Influence of arbuscular mycorrhizal fungi and simulated acid rain on the growth and coexistence of the grasses Calamagrostis villosa and Deschampsia flexuosa
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- Malcová, R., Vosátka, M. & Albrechtová, J. Plant Soil (1999) 207: 45. doi:10.1023/A:1004461630828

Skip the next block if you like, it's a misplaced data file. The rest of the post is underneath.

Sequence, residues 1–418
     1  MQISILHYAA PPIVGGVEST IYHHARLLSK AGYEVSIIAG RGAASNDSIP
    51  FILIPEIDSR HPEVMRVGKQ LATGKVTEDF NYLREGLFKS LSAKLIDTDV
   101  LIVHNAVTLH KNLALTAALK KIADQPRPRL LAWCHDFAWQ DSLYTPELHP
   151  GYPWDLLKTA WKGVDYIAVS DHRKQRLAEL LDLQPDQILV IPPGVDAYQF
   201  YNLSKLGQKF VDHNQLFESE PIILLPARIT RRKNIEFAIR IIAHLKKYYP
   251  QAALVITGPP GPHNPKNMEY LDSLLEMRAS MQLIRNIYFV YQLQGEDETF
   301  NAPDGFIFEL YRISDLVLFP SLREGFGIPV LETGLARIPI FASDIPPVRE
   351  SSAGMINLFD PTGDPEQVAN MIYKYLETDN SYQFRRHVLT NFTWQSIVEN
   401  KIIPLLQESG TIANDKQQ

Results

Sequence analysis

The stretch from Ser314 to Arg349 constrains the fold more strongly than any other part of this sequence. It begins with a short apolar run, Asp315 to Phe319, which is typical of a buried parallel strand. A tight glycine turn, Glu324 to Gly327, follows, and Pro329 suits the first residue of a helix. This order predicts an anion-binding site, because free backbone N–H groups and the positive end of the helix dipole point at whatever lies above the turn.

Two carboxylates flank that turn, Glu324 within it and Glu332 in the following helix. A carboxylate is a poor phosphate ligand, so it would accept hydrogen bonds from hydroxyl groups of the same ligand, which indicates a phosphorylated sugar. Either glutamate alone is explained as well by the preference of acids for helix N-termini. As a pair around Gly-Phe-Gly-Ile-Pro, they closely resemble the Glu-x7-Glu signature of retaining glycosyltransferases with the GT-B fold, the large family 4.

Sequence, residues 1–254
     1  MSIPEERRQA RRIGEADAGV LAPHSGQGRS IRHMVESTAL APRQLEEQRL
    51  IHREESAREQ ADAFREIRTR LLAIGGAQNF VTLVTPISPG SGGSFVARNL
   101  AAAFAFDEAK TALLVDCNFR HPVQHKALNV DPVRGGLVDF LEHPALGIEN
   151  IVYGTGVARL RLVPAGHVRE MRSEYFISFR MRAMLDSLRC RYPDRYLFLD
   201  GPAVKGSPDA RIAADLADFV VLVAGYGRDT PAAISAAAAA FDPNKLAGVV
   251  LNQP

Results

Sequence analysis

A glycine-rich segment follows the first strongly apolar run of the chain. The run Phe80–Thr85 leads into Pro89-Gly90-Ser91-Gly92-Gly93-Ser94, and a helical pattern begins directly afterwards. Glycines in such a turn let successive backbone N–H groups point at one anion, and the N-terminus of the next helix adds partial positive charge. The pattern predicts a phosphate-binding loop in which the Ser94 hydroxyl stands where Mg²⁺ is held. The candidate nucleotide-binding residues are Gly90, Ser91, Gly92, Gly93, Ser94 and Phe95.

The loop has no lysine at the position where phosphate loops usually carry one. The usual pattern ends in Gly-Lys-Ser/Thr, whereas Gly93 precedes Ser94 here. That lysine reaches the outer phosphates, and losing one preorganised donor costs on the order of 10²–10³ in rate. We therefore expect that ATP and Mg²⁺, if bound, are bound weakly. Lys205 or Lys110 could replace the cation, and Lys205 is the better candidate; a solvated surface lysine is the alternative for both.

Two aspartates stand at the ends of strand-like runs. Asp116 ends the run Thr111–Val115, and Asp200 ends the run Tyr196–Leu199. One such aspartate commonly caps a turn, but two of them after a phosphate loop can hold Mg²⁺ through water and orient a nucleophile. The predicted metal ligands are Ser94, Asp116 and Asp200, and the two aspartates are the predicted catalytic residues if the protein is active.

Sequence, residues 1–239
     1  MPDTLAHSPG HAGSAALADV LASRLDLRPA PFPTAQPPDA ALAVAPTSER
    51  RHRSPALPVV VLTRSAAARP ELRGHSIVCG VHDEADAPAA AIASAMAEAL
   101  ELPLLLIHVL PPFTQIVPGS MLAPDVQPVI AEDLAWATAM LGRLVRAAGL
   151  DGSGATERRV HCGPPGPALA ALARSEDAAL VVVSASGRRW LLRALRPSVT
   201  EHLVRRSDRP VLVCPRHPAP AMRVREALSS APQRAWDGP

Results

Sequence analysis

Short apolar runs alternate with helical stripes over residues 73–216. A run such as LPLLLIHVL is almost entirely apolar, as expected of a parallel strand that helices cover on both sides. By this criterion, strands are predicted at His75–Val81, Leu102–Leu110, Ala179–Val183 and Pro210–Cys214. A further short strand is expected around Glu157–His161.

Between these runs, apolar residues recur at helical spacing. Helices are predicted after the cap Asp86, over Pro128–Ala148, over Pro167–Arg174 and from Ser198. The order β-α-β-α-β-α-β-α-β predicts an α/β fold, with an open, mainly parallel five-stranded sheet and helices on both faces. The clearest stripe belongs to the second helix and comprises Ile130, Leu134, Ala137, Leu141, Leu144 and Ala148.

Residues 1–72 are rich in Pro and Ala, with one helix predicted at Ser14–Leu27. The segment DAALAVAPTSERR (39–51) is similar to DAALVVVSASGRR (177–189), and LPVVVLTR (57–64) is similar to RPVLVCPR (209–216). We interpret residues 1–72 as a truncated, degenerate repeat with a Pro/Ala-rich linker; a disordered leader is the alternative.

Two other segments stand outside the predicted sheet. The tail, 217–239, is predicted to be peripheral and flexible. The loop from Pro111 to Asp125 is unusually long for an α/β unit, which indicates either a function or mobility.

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Two grass species — Calamagrostis villosa (Chaix) J.F. Gmelin and Deschampsia flexuosa (L.) Trin. — are expanding in mountain Norway spruce (Picea abies L. Karst.) forests of Central Europe damaged by anthropogenic pollution constituted particularly of acid rain. This invasion of grasses may be caused by the higher irradiance reaching the forest floor after the pollution-induced tree defoliation. The relative abundance of the two grass species is changing during the process of forest decline. Our study investigated the effects of arbuscular mycorrhizal fungi (AMF) on the growth and coexistence of both species under simulated acid rain (SAR) and two levels of irradiance. Three microcosm experiments were conducted to investigate how both grasses are influenced by the AMF when grown separately or together interacting via extraradical mycelium (ERM). A positive growth response to inoculation with Glomus mosseae BEG 25 was found for both grass species when cultivated separately and the mycorrhizal dependence and the growth benefit for D. flexuosa was greater than for C. villosa. However, when both grass species were grown together in the rhizoboxes with separated root and hyphal compartments, the growth effect of the AMF was the opposite, i.e. C. villosa benefited more. The plants did not benefit from the AMF inoculation under the SAR treatment compared with dH2O treatment. The SAR also negatively influenced root length colonised by AMF, length of the ERM, alkaline phosphatase and NADH diaphorase activities of the ERM. The role of the ERM in transporting phosphorus between these grasses was verified by applying the radioisotope 32P. There was a greater transport of isotopic 32P between inoculated plants C. villosa and D. flexuosa grown in separated root compartments, as compared to non-inoculated plants. The amount of transported 32P was low: a maximum of 3% of applied 32P was detected in the shoots of receiver plants. Mechanical disturbance of the ERM significantly decreased the 32 P transport between plants. The 32P transport between mycorrhizal plants was higher in the D. flexuosa to C. villosa direction than in the opposite one. Neither the SAR nor the low level of irradiance influenced the amount of transported 32P. We discuss the role of ERM links between root systems in the coexistence of both grass species.